We recently compiled data from hundreds of WordStream clients – totaling several million in annualized spend – and plotted the average CPAs against impression-weighted Quality Scores. What did this tell us?

Higher quality scores resulted in lower CPAs.

Cost Per Conversion vs Quality Score

Most businesses have an average Quality Score of 5 on the scale of 1-10. For every point higher than the average of 5, advertisers' CPA decreased by an average of 16%. Conversely, for every point your Quality Score falls below 5, your average CPA will increase by a similar percentage. While conversion rates remained pretty steady regardless of Quality Score, higher scores resulted in dramatically lower CPCs that caused the lower CPAs.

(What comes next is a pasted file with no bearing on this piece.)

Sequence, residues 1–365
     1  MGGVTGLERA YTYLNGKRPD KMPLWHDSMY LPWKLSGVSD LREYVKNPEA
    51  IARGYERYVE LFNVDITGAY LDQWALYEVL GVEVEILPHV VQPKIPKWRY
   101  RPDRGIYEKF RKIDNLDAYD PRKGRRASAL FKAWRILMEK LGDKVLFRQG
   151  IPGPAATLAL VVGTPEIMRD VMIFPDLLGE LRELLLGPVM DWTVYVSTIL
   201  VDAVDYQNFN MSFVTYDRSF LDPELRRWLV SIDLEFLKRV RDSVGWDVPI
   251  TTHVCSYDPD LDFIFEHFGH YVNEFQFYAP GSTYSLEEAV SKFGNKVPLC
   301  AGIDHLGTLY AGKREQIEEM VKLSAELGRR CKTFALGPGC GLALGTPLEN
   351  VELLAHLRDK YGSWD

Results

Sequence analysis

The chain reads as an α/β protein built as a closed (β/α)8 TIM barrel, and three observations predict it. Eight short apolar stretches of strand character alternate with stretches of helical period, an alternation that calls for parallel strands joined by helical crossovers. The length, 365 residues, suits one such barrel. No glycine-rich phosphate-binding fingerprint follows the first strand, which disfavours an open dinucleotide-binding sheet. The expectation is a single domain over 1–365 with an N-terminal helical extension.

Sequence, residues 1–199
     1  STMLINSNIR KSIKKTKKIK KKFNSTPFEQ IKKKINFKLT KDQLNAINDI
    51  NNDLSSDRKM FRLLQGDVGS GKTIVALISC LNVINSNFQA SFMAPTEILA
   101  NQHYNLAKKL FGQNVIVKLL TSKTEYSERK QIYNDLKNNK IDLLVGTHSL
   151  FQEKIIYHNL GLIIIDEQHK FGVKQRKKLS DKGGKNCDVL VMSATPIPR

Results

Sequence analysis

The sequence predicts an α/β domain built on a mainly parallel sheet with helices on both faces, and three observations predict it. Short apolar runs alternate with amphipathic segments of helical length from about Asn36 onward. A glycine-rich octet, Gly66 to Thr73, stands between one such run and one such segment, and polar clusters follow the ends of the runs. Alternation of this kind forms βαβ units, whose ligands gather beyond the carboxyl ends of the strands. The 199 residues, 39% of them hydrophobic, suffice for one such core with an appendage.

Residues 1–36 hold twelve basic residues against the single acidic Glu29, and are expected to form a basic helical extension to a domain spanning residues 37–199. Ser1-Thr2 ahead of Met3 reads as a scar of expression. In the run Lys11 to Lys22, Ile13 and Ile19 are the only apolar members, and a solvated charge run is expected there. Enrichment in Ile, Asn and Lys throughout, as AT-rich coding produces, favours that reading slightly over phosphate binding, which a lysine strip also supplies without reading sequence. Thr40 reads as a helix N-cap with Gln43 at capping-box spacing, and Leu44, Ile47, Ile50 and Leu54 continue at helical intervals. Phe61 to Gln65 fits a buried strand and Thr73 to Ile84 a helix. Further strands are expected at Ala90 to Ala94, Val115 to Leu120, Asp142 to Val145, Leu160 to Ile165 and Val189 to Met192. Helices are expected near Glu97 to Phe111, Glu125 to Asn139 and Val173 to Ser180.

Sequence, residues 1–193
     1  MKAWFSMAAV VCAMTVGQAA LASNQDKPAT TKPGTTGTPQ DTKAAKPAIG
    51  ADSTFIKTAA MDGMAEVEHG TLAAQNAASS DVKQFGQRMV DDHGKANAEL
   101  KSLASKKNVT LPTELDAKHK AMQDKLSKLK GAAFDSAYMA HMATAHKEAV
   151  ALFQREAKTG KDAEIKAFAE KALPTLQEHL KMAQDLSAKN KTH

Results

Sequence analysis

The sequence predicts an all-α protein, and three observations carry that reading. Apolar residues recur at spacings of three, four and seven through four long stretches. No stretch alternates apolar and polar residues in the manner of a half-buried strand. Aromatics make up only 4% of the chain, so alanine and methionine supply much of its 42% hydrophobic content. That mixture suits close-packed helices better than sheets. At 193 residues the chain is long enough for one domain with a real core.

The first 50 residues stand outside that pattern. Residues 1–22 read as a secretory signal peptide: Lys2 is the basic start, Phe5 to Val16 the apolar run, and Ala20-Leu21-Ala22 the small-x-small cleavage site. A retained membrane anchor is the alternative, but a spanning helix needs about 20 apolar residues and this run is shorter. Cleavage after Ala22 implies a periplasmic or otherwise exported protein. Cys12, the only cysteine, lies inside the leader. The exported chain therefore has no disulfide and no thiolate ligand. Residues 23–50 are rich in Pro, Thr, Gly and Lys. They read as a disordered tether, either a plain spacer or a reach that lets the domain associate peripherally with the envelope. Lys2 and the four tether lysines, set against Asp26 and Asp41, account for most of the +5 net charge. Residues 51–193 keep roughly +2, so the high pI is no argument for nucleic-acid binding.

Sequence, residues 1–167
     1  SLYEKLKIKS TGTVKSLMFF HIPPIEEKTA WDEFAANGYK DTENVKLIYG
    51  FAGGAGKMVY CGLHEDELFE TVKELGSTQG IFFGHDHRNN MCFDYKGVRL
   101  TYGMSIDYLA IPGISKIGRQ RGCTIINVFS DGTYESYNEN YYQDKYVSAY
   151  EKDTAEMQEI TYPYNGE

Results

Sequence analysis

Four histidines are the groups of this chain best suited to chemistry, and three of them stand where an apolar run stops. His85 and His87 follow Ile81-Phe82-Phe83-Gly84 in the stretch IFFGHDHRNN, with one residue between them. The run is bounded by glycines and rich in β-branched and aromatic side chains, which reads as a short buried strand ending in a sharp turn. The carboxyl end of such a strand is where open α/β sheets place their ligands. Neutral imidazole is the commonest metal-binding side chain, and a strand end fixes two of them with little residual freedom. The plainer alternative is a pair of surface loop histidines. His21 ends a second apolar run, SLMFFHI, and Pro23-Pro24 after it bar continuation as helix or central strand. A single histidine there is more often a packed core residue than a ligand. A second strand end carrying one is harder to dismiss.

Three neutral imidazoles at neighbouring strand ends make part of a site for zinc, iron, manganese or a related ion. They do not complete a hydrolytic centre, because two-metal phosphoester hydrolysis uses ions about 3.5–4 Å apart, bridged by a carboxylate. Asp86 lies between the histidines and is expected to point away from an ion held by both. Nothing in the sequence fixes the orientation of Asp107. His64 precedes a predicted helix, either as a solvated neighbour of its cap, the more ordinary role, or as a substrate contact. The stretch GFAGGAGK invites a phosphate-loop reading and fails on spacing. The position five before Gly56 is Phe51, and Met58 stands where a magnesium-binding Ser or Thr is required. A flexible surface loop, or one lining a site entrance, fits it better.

Some people argue that lower CPC isn't the same as lower CPA. A few even go as far to claim that you should forget about CPC, and that CPA is all that matters. However, our research shows that the two metrics are closely aligned.

Although CPC and CPA are related, the distinction between them is crucial – optimizing for CPA and optimizing for quality score is essentially the same practice. Having a lower quality score will increase your average CPA (compared to your competitors), which will harm your overall ROI.

Can you see a pattern emerging here?

4. More Profitable Campaigns

If an AdWords campaign is resulting in profitable conversions resulting from low-quality keywords, what would happen if those keywords had higher quality scores? You guessed it – the campaign would be even moreprofitable, and I'd love to meet the business owner who isn't interested in making more money by spending less.